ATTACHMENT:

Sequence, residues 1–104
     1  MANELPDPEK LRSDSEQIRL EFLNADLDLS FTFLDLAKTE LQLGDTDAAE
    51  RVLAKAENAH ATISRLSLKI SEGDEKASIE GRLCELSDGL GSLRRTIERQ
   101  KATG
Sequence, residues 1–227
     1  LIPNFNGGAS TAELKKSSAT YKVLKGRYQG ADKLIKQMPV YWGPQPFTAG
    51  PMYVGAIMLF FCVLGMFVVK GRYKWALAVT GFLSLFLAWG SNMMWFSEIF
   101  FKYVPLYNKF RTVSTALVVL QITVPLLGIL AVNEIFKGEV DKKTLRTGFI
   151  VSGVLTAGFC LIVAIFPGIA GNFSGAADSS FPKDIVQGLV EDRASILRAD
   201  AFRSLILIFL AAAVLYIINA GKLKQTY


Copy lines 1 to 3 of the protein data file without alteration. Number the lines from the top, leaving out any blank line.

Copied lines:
Sequence, residues 1–104
     1  MANELPDPEK LRSDSEQIRL EFLNADLDLS FTFLDLAKTE LQLGDTDAAE
    51  RVLAKAENAH ATISRLSLKI SEGDEKASIE GRLCELSDGL GSLRRTIERQ